I dove into the cool, sparkling waters of Lisa Anderson’s Quincy Street in my backyard on the first warm and sunny day of Spring at the end of week eight of the coronavirus lockdown... I did this with a gin and tonic in hand of course and I originally allowed for the possibility that the sum of these elements may have influenced my ear. After a dozen more listens, several sober, I can confidently say that Quincy Street is a classic summer-defining album and may just be what gets us all through this quarantine. It will however break your heart because this is an album to be listened to in a truck full of friends at a beach or lake: tailgate down, cooler full of beers, sitting way too close, and knowing that that still far off sunset will be just the beginning of your night.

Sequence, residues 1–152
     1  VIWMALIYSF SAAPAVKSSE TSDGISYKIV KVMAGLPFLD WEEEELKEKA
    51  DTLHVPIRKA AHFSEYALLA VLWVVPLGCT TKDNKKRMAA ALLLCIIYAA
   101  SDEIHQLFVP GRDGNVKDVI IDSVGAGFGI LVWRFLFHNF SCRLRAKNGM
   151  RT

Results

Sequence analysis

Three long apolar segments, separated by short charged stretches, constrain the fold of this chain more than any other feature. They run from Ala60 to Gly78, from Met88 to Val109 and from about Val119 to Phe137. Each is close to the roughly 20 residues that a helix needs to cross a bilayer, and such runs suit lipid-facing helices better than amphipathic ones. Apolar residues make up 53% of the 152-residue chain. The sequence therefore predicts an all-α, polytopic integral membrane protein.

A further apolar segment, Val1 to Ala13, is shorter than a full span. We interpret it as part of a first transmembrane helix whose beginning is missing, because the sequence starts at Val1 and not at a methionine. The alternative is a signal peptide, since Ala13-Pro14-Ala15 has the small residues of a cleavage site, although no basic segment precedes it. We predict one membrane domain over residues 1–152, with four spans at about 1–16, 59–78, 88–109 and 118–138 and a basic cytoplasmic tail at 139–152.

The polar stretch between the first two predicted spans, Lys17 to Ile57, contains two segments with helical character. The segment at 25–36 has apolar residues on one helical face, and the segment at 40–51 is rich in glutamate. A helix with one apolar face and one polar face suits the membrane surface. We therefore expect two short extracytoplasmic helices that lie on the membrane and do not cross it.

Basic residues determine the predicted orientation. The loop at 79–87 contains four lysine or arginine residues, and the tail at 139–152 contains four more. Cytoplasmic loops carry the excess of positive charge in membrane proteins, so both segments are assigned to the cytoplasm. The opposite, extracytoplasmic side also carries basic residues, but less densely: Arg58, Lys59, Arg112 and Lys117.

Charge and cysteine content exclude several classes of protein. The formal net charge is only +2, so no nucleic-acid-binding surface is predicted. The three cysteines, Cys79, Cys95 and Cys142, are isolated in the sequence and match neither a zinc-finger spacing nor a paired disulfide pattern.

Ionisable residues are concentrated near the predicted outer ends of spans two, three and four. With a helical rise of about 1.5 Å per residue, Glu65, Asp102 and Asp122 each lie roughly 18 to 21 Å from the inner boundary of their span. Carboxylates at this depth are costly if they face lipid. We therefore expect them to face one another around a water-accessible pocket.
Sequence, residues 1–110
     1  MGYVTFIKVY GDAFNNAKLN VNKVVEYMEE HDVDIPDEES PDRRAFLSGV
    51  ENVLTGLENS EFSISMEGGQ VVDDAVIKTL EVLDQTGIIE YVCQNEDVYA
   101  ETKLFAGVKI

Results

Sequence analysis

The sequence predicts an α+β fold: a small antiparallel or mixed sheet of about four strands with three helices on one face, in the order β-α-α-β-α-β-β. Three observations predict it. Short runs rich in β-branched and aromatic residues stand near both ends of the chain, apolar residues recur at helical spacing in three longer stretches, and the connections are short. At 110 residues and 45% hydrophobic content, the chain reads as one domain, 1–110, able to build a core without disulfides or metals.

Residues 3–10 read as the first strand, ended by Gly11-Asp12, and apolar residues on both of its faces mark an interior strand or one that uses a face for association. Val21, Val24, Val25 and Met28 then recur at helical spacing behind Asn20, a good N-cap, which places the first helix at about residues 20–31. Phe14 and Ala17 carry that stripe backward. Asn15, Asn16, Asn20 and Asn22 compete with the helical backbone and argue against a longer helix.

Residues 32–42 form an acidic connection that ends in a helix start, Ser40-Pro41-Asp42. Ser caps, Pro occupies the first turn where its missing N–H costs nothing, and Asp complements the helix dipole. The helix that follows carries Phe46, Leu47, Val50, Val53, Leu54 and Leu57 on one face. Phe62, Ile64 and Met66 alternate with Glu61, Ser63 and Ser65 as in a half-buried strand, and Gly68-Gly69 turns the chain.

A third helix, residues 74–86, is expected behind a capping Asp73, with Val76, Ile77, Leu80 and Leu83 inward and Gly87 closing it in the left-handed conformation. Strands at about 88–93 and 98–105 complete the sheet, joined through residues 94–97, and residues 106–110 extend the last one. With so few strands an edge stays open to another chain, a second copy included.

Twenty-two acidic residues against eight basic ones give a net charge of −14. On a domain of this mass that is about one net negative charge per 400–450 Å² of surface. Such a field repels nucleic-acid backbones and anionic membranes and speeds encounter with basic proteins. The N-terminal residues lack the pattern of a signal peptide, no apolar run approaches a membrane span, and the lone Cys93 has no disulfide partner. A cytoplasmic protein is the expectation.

Quincy Street isn’t just genre defying its decade defying. Those of us who lived through the last several won’t just appreciate the musical mashup, but enjoy flashbacks to our favorite summer memories and those seminal albums that have stayed with us, as this one surely will. On the whole, Quincy Street is defined by a brightness and levity that at times defies the depth of the lyrics and meaning of the songs. The balance of the production is impressive with strings that are full of life but not of themselves and a backseat driver of a backline that knows it’s place and shuts up every now and then. The fresh linen and well-worn denim of this fabric is occasionally splashed with whiskey, beer, and hot sauce in the form of some truly inspired lead guitar work that is surprising but never unsettling. All of this brings out the full essence of Lisa Anderson’s poetry and songwriting and her voice, at times breathy, other times ballistic, makes it all make sense. Like a good friend singing along to the radio—not to or for anyone in particular—just loving summer and living the dream.